The best thing to do in every state this fall

The best thing to do in every state this fall

apple picking coupleApple picking is a classic fall activity. asife/Shutterstock

The INSIDER Summary:

  • Fall is not only beautiful to look at, it's filled with fun, seasonal activities.
  • For example, over 500 balloons participate in the annual Albuquerque International Balloon Fiesta, held every fall in New Mexico.
  • Walt Disney World in Florida is a fun and festive place to celebrate Halloween.
  • See 1,300 buffalo get rounded up by cowgirls and cowboys in South Dakota.

From visiting corn mazes to going apple picking, fall is full of fun activities all over the country. The season may look a little different in every state, but there are plenty of ways to celebrate no matter where you are.

From Germany-approved Oktoberfests to stunning Balloon Fiestas, keep reading for the absolute best thing to do in every state this fall.

Original Post

ALASKA: Denali National Park

ALASKA: Denali National Park
Denali National Park and Preserve stretches over 6 million acres.
Shutterstock/ eyeCatchLight Photography

Visitors can quite literally view six million acres of fall foliage at this national park in Alaska, which has tons of birch and aspen trees bursting with yellow every fall.

ARIZONA: The Annual Arizona Taco Festival in Phoenix

ARIZONA: The Annual Arizona Taco Festival in Phoenix
Get some tacos at Arizona's annual taco festival.
Arizona Taco Festival

Fall is arguably Arizona's best season, because it's no longer unbearably hot. Taco lovers also get the chance to eat an abundance of their favorite food at the Phoenix Taco Festival (October 14-15), where more than 50 teams enter a taco-making challenge, while others get to devour their creations. The best part: each taco is only $2, so come with an empty stomach.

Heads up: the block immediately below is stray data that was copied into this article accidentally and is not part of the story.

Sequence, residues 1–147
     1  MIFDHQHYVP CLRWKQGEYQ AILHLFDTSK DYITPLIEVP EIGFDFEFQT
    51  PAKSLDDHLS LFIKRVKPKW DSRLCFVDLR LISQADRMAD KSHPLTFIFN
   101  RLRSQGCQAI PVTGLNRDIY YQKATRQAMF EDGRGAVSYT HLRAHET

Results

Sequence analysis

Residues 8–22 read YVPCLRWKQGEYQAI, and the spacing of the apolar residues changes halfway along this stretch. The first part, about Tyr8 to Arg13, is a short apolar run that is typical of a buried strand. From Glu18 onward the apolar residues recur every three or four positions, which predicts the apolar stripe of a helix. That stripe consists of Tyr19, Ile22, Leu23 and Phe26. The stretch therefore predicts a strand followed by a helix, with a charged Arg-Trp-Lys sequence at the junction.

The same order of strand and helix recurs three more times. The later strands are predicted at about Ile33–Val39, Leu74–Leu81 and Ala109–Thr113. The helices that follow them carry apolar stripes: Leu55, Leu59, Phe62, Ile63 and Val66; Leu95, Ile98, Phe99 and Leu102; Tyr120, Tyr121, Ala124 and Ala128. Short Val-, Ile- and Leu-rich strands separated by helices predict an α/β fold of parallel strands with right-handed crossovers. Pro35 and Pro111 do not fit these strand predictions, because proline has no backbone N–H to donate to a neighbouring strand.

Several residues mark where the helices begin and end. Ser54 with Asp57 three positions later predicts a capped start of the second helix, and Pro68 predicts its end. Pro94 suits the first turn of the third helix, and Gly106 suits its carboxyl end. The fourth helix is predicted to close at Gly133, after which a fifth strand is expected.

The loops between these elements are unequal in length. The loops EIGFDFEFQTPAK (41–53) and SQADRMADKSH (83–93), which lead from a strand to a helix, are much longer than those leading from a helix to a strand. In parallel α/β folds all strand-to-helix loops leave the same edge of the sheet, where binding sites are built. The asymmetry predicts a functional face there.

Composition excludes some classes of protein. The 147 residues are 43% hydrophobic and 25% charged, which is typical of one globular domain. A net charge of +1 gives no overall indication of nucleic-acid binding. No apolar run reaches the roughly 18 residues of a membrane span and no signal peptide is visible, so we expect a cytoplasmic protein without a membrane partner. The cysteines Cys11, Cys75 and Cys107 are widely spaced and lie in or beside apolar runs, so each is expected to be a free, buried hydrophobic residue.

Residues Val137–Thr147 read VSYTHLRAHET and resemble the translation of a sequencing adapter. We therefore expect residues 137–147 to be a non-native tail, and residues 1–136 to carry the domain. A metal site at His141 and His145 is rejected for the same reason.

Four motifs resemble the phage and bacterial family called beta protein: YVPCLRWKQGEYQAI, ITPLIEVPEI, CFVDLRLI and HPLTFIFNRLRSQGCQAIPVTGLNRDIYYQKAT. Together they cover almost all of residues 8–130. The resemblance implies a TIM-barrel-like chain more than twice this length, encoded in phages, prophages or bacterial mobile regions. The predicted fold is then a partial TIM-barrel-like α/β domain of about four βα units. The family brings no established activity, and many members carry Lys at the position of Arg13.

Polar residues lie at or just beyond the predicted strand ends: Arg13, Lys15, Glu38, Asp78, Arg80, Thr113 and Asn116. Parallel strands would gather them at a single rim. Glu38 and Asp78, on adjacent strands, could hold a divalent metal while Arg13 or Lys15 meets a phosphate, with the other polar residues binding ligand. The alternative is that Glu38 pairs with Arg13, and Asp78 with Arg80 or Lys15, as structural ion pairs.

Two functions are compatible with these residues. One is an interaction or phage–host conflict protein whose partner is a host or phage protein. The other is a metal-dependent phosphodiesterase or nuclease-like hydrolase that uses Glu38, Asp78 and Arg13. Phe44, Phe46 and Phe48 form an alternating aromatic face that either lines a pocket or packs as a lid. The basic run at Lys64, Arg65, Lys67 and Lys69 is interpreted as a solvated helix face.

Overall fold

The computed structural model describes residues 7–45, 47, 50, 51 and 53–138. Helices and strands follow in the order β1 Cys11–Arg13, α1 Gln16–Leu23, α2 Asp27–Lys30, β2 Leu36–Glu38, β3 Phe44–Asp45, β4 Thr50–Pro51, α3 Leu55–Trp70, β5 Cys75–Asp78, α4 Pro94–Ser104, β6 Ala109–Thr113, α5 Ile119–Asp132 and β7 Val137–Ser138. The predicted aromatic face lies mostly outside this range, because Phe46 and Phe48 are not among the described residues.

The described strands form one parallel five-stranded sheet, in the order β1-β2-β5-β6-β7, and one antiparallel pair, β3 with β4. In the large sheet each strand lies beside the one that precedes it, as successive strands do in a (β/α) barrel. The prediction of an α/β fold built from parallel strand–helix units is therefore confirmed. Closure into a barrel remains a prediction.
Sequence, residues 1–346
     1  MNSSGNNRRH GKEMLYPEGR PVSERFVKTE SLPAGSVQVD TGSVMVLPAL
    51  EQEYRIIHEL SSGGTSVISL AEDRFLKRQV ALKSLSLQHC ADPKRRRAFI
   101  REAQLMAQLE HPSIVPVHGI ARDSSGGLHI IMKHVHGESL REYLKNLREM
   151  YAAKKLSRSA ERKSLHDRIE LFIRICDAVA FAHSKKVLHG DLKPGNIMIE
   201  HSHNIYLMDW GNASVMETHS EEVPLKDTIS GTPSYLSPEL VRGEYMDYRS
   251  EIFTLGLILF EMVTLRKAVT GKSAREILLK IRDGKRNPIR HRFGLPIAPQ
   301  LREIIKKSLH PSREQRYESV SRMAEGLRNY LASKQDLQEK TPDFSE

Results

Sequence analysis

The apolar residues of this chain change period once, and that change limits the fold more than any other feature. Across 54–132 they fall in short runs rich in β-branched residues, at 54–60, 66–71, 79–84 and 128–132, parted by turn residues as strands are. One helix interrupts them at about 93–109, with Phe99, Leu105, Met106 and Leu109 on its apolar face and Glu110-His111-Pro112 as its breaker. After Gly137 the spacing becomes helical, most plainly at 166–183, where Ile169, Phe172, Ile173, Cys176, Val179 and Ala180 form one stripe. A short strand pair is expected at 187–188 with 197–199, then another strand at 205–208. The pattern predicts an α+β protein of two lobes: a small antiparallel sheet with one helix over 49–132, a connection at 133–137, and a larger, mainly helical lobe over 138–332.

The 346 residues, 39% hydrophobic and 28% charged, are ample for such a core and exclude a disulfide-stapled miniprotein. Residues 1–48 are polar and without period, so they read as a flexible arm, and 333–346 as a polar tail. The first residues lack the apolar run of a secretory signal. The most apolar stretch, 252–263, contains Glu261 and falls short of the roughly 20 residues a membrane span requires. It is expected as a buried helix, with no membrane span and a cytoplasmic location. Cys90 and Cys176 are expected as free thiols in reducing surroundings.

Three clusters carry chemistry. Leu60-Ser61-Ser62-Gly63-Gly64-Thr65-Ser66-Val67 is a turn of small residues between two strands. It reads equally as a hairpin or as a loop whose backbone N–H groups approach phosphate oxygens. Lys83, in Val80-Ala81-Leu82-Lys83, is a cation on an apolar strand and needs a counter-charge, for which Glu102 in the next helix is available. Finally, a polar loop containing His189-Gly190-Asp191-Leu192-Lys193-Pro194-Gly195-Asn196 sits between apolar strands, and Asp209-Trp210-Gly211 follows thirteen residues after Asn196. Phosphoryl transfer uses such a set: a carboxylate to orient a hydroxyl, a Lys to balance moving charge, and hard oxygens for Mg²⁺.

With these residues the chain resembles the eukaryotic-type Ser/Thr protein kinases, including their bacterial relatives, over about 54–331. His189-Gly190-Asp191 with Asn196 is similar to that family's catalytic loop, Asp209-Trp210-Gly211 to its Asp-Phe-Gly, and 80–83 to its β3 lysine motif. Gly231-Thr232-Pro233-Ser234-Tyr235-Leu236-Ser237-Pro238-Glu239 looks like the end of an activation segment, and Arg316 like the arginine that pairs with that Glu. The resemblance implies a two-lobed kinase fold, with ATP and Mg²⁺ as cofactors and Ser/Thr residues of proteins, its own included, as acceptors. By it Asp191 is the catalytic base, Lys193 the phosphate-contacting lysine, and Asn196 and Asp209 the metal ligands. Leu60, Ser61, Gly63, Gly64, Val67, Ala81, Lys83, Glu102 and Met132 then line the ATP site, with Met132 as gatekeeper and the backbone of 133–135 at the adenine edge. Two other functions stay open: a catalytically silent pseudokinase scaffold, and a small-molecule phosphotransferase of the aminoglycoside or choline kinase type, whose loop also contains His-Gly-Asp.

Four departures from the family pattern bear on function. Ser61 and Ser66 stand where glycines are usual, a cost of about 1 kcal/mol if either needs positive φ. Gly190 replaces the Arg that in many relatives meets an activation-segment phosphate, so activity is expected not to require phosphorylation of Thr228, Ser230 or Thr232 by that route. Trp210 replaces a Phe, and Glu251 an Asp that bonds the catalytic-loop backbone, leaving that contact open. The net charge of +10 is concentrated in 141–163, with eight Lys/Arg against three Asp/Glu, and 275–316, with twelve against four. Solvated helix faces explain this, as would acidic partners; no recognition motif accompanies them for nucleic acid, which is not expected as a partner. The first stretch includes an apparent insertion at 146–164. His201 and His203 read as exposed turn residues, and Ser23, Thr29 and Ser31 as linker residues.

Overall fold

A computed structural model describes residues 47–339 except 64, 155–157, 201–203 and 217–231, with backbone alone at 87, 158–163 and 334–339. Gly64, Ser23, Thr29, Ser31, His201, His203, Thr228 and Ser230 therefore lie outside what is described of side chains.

ARKANSAS: Pinnacle Mountain State Park

ARKANSAS: Pinnacle Mountain State Park
Fall colors at Pinnacle Mountain State Park.
mnapoli/ Shutterstock

Located 30 minutes from Little Rock, Pinnacle Mountain is an iconic landmark in central Arkansas that features more than 40 miles of hiking trails. Once you make it to the top, it is one of the best places in the state to view fall foliage.

CALIFORNIA: The Annual Half Moon Bay Art & Pumpkin Festival in Half Moon Bay

CALIFORNIA: The Annual Half Moon Bay Art & Pumpkin Festival in Half Moon Bay
A giant pumpkin at The Annual Half Moon Bay Art & Pumpkin Festival.
Facebook/ Half Moon Bay Pumpkin Festival

What better place to celebrate fall than in the World Pumpkin Capital of Half Moon Bay, California? The annual festival has an abundance of pumpkin patches, harvest-inspired crafts, pumpkin carving, a parade, and more! Don't forget the main event a giant pumpkin weigh-off with some pumpkins coming in at over 1,000 pounds.

COLORADO: September Splendor in the Rockies in Crested Butte

COLORADO: September Splendor in the Rockies in Crested Butte
Crested Butte has some of the best hiking in the state.
Adam Springer/Shutterstock

Colorado's aspen are famous for their fiery colors. See some of the best transformations at September Splendor in the Rockies (weekends through September) by heading to Crested Butte, which is home to some of the state's largest aspen. Weekends here see self-guided tours, farmers' markets, art walks, and a harvest festival.

FLORIDA: Walt Disney World in Orlando

FLORIDA: Walt Disney World in Orlando
Fall makes Disney World even more magical.
erin leigh mcconnell/Flickr Creative Commons

Going to Disney World in the fall means you get to miss out on the summer crowds and beat the heat. There are also a lot of cool Halloween festivals including Mickey's Not-So-Scary Halloween Party, where kids of all ages can dress up and head to the Magic Kingdom after dark.

IDAHO: Boise River Greenbelt in Boise

IDAHO: Boise River Greenbelt in Boise